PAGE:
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Revolutionary New Detector Made from Graphene for Next Generation of THz Astronomy [Video]



 Schematic of Terahertz Heterodyne Detection with Graphene

The image depicts a schematic of terahertz (THz) heterodyne detection with graphene. In this, two THz waves (red) are coupled into the graphene, where they are combined or mixed. One of the waves is a high intensity signal generated by a local THz light source (i.e. a local oscillator), at a known THz frequency. The other signal is a faint THz wave that mimics the waves coming from space. Credit: Hans He

Researchers from Chalmers University of Technology have demonstrated a detector made from graphene that could revolutionize the sensors used in next-generation space telescopes. The findings were recently published in the scientific journal Nature Astronomy .

Beyond superconductors, there are few materials that can meet the requirements needed to make ultra-sensitive and fast terahertz (THz) detectors for astronomy. Chalmers researchers have shown that engineered graphene adds a new material paradigm for THz heterodyne detection.

“Graphene might be the only known material that remains an excellent conductor of electricity / heat even when having, effectively, no electrons. We have reached a near zero-electron scenario in graphene, also called Dirac point, by assembling electron-accepting molecules on its surface. Our results show that graphene is an exceptionally good material for THz heterodyne detection when doped to the Dirac point, ”says Samuel Lara-Avila, assistant professor at the Quantum Device Physics Laboratory and lead author of the paper.

 Samuel Lara Avila [1[ads1]9659007] “Graphene might be the only known material that remains an excellent conductor of electricity / heat even when having, effectively, no electrons. We have reached a near zero-electron scenario in graphene, also called Dirac point, by assembling electron-accepting molecules on its surface. Our results show that graphene is an exceptionally good material for THz heterodyne detection when doped to the Dirac point, ”says Samuel Lara-Avila, assistant professor at Quantum Device Physics Laboratory and lead author of the paper. Credit: J O Yxell / Chalmers </p>
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<p> In detail, the experimental demonstration involves heterodyne detection, in which two signals are combined, or mixed, using graphene. One signal is a high intensity wave at a known THz frequency, generated by a local source (i.e. a local oscillator). The second is a faint THz signal that mimics the waves coming from space. Graphene mixes these signals and then produces an output wave at a much lower gigahertz (GHz) frequency, called the intermediate frequency, which can be analyzed with standard low noise gigahertz electronics. The higher the intermediate frequency can be, the higher the bandwidth of the detector is said to have, required to accurately identify motions inside the celestial objects. </p>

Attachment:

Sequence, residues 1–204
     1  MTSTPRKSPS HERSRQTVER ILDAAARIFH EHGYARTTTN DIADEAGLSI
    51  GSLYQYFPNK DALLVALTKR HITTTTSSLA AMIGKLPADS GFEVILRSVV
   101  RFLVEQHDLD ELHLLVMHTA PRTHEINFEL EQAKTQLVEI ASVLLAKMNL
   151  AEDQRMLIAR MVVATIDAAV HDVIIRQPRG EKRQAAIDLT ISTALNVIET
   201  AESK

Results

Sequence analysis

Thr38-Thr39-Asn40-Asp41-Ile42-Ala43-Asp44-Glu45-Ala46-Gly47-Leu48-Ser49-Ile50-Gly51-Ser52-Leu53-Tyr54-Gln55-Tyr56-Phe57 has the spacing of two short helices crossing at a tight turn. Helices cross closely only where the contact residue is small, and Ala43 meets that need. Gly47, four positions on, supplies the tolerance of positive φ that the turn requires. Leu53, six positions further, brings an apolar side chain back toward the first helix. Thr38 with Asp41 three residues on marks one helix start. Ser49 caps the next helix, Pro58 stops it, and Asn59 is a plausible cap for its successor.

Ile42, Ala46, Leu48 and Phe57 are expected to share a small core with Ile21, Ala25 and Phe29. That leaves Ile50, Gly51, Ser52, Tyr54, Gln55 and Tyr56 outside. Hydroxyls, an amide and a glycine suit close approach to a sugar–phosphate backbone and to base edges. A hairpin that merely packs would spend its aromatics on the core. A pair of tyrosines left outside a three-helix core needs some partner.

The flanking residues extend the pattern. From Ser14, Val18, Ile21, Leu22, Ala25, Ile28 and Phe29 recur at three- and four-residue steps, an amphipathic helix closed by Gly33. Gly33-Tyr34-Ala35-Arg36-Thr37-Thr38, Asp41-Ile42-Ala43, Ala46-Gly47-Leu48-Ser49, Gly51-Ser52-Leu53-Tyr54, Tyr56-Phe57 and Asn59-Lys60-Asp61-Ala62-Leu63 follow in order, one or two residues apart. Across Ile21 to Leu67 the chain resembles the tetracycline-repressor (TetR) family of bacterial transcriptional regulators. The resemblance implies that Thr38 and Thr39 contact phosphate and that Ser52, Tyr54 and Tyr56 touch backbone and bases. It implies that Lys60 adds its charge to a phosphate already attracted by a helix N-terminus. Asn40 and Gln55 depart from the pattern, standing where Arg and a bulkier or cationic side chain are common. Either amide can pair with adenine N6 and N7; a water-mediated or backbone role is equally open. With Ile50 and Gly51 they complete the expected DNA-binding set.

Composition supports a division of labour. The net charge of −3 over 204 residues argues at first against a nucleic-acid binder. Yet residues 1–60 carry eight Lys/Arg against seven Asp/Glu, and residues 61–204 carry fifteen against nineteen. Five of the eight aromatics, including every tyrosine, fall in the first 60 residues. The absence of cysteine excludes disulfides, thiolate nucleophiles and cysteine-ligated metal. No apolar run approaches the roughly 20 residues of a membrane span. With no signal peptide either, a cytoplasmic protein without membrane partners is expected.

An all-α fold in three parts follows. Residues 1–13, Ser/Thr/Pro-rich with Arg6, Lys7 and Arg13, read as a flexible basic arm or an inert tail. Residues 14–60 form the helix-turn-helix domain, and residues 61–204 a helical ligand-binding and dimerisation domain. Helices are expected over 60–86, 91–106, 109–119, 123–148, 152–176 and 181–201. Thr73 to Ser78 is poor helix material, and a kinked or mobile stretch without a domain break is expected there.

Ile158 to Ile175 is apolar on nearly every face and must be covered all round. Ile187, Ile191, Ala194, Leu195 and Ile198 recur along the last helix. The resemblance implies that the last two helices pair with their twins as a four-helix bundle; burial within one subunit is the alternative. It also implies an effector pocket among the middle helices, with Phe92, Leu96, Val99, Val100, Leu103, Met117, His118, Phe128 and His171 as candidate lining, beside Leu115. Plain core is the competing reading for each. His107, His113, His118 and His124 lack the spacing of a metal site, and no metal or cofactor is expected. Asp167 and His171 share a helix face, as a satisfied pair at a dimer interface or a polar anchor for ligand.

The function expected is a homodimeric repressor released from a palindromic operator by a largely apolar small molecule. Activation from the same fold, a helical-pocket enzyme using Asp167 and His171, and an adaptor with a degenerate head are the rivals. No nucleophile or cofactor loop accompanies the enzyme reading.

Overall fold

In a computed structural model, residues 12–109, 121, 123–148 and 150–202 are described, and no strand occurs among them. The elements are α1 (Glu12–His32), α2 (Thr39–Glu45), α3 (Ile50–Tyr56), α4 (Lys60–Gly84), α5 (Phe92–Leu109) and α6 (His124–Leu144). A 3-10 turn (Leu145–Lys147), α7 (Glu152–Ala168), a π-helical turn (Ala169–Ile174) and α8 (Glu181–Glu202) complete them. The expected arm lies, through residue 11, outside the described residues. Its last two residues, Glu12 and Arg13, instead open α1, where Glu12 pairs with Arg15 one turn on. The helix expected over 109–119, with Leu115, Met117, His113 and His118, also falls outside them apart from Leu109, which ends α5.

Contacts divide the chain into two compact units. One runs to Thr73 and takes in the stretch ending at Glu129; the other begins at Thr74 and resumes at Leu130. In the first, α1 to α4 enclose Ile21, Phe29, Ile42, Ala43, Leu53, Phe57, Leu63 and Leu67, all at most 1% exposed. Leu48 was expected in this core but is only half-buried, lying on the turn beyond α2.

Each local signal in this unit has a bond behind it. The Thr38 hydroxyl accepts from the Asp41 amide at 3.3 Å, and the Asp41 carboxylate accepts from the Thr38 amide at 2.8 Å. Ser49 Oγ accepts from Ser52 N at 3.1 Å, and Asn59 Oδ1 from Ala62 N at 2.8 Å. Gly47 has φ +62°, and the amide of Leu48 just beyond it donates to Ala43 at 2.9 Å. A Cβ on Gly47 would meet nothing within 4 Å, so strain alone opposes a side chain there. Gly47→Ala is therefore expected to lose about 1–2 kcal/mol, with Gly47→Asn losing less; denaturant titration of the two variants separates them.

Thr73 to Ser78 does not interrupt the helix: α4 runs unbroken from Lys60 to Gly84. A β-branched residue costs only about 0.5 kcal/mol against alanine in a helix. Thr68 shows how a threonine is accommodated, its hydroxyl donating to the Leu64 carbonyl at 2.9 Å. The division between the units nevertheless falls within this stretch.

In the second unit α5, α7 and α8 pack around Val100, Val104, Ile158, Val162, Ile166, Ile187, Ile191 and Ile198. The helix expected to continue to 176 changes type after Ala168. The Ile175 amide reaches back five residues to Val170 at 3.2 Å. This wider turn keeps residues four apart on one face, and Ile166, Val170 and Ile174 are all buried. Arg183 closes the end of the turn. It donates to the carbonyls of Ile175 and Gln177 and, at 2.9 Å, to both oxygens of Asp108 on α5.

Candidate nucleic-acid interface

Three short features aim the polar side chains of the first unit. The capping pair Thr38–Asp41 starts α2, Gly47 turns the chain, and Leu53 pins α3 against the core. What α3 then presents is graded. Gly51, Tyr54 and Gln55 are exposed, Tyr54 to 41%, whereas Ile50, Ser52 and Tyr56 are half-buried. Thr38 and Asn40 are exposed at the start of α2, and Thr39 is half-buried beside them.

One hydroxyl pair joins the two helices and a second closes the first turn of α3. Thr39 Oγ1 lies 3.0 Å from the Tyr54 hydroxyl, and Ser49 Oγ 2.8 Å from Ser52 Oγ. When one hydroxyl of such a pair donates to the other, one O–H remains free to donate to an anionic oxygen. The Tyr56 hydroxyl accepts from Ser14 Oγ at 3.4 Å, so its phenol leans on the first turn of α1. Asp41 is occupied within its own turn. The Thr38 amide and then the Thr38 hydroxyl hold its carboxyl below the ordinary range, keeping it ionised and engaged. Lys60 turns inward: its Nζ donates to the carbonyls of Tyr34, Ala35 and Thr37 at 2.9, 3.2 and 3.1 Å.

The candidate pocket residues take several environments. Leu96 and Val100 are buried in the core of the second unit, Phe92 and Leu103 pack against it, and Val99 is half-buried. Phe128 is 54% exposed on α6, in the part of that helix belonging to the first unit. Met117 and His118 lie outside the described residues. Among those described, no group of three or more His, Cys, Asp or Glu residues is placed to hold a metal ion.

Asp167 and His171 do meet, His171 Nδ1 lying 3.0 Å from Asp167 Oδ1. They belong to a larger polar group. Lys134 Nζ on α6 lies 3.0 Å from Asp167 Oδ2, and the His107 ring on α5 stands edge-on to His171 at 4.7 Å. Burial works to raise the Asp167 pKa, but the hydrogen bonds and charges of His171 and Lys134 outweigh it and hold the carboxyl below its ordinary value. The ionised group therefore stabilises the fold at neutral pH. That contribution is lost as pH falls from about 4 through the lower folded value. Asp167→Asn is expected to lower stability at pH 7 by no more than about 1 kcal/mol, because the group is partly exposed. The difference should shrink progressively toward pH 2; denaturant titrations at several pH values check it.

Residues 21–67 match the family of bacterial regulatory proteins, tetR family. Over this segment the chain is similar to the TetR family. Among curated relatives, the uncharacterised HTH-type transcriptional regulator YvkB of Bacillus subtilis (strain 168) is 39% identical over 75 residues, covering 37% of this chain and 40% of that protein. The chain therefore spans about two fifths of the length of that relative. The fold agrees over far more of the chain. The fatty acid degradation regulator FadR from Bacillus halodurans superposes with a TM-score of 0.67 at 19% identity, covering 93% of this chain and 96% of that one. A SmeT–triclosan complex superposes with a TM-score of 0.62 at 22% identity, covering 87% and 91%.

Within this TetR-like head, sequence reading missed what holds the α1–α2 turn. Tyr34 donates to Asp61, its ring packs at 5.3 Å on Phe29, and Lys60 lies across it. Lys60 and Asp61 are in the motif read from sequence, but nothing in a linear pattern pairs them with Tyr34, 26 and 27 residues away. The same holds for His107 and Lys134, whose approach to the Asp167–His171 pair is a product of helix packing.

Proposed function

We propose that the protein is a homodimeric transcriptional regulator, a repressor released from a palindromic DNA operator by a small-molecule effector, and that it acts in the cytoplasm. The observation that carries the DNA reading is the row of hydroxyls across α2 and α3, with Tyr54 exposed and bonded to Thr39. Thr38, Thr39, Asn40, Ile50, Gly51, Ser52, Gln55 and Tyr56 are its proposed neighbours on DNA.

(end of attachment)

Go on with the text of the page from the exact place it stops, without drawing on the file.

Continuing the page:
<p> Sergey Cherednichenko, professor at the Terahertz and Millimeter Wave Laboratory and co-author of the paper, says: </p>
<p> “According to our theoretical model, this THp graphene detector has the potential to reach quantum-limited operation for the important 1-5 THz spectral range. Moreover, bandwidth can exceed 20 GHz, greater than 5 GHz that state-of-the-art technology has to offer. ”</p><div><script async src=

This is an experimental demonstration of THz wave detection with charge-neutral epitaxial graphene.

Another crucial aspect for the THz graphene detector is the extremely low power needed for the local oscillator to achieve a reliable detection of faint THz signals, Few orders of magnitude lower than superconductors require. This could enable quantum-limited THz coherent detector arrays, hence opening the door to 3D imaging of the universe.

Elvire De Beck, astronomer at the Department of Space, Earth and Environment, who did not take part in the research, explained the possible implications for practical astronomy:

“This graphene-based technology has enormous potential for future space missions that aim at eg unveiling how water, carbon, oxygen and life itself came to earth. A lightweight, power efficient 3D imager that is quantum-limited at terahertz frequencies is crucial for such ambitious tasks. But, at the moment, THz 3D imagers are simply not available. ”

Sergey Kubatkin, professor at the Quantum Device Physics Laboratory and co-author of the paper, explained:

“ The core of the THz detector is the system of graphene and molecular assemblies. This is in itself a novel composite 2D material that deserves deeper investigation from a fundamental point of view, as it displays a whole new charge / heat transport regime governed by quantum-mechanical effects. ”

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References : “Towards quantum-limited coherent detection of terahertz waves in charge-neutral graphene” by S. Lara-Avila, A. Danilov, D. Golubev, H. He, K. H. Kim, R. Yakimova, F. Lombardi, T. Bauch , S. Cherednichenko and S. Kubatkin, 5 August 2019, Nature Astronomy .
DOI: 10.1038 / s41550-019-0843-7


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